“One down, seven to go,” someone said, once the experimenter had left. The sandwiches were largely untouched. They waited. They flirted in a bored way, or made small talk. The hour ticked past.

Then, at 55 minutes past the hour, one guy, a real joker with red hair and mischievous freckles, got out of the beat-up old orange sofa turned to the prettiest girl in the room, a lovely Chinese girl with short hair and homemade clothes that reminded Connor of Jenny’s fashion, and said, “Rent me your poker chip for five minutes? I’ll pay you $20.”

That cracked the entire room up. It was the perfect demonstration of the absurdity of sitting around, waiting for the $20 hour. The Chinese girl laughed, too, and they solemnly traded. In came the grad student, five minutes later, with another wad of twenties and a cooler filled with smoothies in tetrapaks. “Poker chips, please,” he said, and the joker held up his two chips. They all grinned at one another, like they’d gotten one over on the student, and he grinned a little too and handed two twenties to the redhead. The Chinese girl held up her extra twenty, showing that she had the same as everyone else. Once he’d gone, Red gave her back her chip. She pocketed it and went back to sitting in one of the dusty old armchairs.

They drank their smoothies. There were murmured conversations, and it seemed like a lot of people were trading their chips back and forth. Connor laughed to see this, and he wasn’t the only one, but it was all in fun. Twenty dollars was the going rate for an hour’s rental, after all — the exactly and perfectly rational sum.

“Give me your poker-chip for 20 minutes for $5?” The asker was at the young end of the room, about 22, with a soft, cultured southern accent. She was also very pretty. He checked the clock on the wall: “It’s only half past,” he said. “What’s the point?”

She grinned at him. “You’ll see.”

A five dollar bill was produced and the poker-chip left his custody. The pretty southern girl talked with another girl, and after a moment, $10 traded hands, rather conspicuously. “Hey,” he began, but the southern girl tipped him a wink, and he fell silent.

Anxiously, he watched the clock, waiting for the 20 minutes to tick past. “I need the chip back,” he said, to the southern girl.

She shrugged. “You need to talk to her,” she said, jerking her thumb over her shoulder, then she ostentatiously pulled a paperback novel — *The Fountainhead* — out of her backpack and buried her nose in it. He felt a complicated emotion: he wanted to laugh, and he wanted to shout at the girl. He chose laughter, conscious of all the people watching him, and approached the other girl, who was tall and solidly built, with a no-nonsense look that went perfectly with her no-nonsense clothes and haircut.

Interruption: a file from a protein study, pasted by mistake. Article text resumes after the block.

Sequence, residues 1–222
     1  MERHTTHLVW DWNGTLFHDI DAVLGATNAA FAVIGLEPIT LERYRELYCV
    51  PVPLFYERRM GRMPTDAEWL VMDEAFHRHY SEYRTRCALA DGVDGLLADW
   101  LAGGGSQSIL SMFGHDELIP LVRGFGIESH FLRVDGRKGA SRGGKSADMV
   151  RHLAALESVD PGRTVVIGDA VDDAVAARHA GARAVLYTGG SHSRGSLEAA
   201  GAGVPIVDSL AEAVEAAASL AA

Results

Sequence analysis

“Yes?” she said, when he approached her.

“You’ve got my chip,” he said.

“No,” she said. “I do not.”

“But the chip she sold you, I’d only rented it to her.”

“You need to take it up with her,” the girl who had his chip said.

“But it’s my chip,” he said. “It wasn’t hers to sell to you.” He didn’t want to say, *I’m also pretty intimidated by anyone who has the gall to pull a stunt like that.* Was it his imagination, or was the southern girl smiling to herself, a smug little smile?

“Not my problem, I’m afraid,” she said. “Too bad.”

Now *everyone* was watching very closely and he felt himself blushing, losing his cool. He swallowed and tried to put on a convincing smile. “Yeah, I guess I really should be more careful who I trust. Will you sell me my chip?”

“My chip,” she said, flipping it in the air. He was tempted to try and grab it out of the air, but that might have led to a wrestling match right here, in front of everyone. How embarrassing!

“Yeah,” he said. “Your chip.”

“OK,” she said. “$15.”

“Deal,” he said, thinking, *I’ve already earned $45 here, I can afford to let go of $15.*

“In seven minutes,*” she said. He looked at the clock: it was 11:54. In seven minutes, she’d have gotten his $20. Correction: *her* $20.

“That’s not fair,” he said.

She raised one eyebrow at him, hoisting it so high it seemed like it’d touch her hairline. “Oh really? I think that this chip is worth $120. $15 seems like a bargain to you.”

“I’ll give you $20,” the redhead said.

“$25,” said someone else, laughing.

“Fine, fine,” Connor said, hastily, now blushing so hard he actually felt light-headed. “$15.”

“Too late,” she said. “The price is now $25.”

He heard the room chuckle, felt it preparing to holler out a new price — $40? $60? — and he quickly snapped, “$25” and dug out his wallet.

The girl took his money — how did he know she would give him the chip? He felt like an idiot as soon as it had left his hand — and then the experimenter came in. “Lunch!” he called out, wheeling in a cart laden with boxed salads, vegetarian sushi, and a couple buckets of fried chicken. “Poker chips!” The twenties were handed around.

The girl with his money spent an inordinate amount of time picking out her lunch, then, finally, turned to him with a look of fake surprise, and said, “Oh right, here,” and handed him his chip. The guy with the red hair snickered.